This weekend was great- it being the first weekend that the workplace is open for visitation. The weather was lovely, the wonderful seasonal part-timers who make up the bulk of the organization (most of them retired from other careers, people with several part-time jobs, or people whose spouses are the primary breadwinners) the crowd was nice (I had to yell at a father and teenage son who were wrestling a bit too intensely to "take it down a couple of notches"- it's all fun and games til someone loses and eye... and then it becomes a sport), and the daffodils were in profusion:
With a few dozen staff members and a few hundred visitors on site, Ginger was in her glory, jumping on people's laps and making sure she was the center of attention:
The real story here is that Fred has largely come out of his shell- he would typically run like hell and hide when large crowds descended on the site, but today he plopped himself down in a comfortable spot and gloried in the attention of visitors who wanted to give him friendly ear scritches. Here is an "introspective" looking Fred:
After the crowds left, I ran around for almost an hour locking the place up for the night. Now that everybody's away and the cats are tucked away in their assigned meesing locations, I am enjoying a gorgeous, warm night under an almost-full moon:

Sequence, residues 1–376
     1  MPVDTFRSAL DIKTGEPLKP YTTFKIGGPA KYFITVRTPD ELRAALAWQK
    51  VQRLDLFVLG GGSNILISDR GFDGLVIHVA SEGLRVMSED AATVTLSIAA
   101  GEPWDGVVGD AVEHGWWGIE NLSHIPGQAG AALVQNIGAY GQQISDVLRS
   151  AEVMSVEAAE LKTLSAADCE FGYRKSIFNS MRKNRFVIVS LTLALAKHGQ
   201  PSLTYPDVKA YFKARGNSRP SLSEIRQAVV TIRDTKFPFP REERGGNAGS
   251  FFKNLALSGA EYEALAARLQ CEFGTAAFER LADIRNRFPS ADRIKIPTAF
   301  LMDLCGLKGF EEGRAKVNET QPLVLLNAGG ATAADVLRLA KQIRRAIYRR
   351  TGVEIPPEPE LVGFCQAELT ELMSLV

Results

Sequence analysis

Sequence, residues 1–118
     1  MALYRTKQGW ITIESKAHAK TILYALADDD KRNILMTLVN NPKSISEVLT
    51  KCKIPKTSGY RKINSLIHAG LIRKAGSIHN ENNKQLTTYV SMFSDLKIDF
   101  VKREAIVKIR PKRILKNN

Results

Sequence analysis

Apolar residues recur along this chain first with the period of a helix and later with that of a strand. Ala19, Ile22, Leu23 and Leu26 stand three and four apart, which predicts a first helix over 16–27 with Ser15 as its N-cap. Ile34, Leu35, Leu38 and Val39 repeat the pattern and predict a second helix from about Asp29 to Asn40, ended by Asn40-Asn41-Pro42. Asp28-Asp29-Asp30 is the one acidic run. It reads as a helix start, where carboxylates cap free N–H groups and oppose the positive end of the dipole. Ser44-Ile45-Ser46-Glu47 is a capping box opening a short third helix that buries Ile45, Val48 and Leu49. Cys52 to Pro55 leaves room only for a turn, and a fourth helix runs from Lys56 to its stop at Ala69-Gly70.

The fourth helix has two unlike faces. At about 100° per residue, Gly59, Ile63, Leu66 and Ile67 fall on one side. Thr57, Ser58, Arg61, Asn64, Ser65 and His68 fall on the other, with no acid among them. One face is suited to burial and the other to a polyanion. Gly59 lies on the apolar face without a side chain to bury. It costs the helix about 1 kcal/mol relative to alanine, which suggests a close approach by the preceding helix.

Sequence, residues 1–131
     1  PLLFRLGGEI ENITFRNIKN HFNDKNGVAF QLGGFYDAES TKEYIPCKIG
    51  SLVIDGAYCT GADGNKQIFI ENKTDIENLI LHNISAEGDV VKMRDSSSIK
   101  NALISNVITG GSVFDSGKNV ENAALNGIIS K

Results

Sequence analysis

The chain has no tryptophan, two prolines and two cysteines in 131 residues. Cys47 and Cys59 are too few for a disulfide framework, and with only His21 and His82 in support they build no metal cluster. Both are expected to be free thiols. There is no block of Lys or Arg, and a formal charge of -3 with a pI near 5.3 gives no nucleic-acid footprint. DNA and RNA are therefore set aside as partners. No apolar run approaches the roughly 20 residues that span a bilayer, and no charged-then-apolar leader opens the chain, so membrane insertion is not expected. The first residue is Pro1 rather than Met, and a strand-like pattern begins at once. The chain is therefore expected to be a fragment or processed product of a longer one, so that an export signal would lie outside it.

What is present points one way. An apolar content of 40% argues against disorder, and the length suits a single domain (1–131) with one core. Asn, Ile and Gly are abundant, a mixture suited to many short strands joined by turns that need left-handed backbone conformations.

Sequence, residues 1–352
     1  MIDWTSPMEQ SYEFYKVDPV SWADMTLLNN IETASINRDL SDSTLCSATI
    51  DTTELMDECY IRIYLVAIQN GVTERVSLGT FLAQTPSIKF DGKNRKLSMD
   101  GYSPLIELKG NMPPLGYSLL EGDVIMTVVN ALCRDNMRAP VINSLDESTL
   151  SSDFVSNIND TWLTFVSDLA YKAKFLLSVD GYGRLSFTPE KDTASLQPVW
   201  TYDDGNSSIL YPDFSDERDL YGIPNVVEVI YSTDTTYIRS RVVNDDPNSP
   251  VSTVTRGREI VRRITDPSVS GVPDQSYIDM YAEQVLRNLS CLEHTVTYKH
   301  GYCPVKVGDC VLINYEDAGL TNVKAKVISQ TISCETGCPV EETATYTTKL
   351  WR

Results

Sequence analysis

There's one bummer to report- one of my co-workers just received a diagnosis of Huntington's Disease over the winter- she is now working out what combination of long-term disability insurance and early retirement benefits (she has twenty years with a department of the New York state government) will suffice to keep her afloat. Her neurologist told her that her high level of activity (she volunteered as an EMT as well as working two jobs) will have an impact in offsetting the neurological deficits she is undergoing. One major goal of Huntington's treatment is fostering plasticity in the brain- gotta keep those neurons connecting. I was hit hard by this revelation because this woman does not have an ounce of meanness in her body- she's one of the most generous spirits I've ever encountered, and I've been lucky to know some fine, fine people all of my life. She's tough, and an optimist, so she's coping as well as anyone I've ever known, but it pains me to see such a skillful person hit with such a debilitation condition.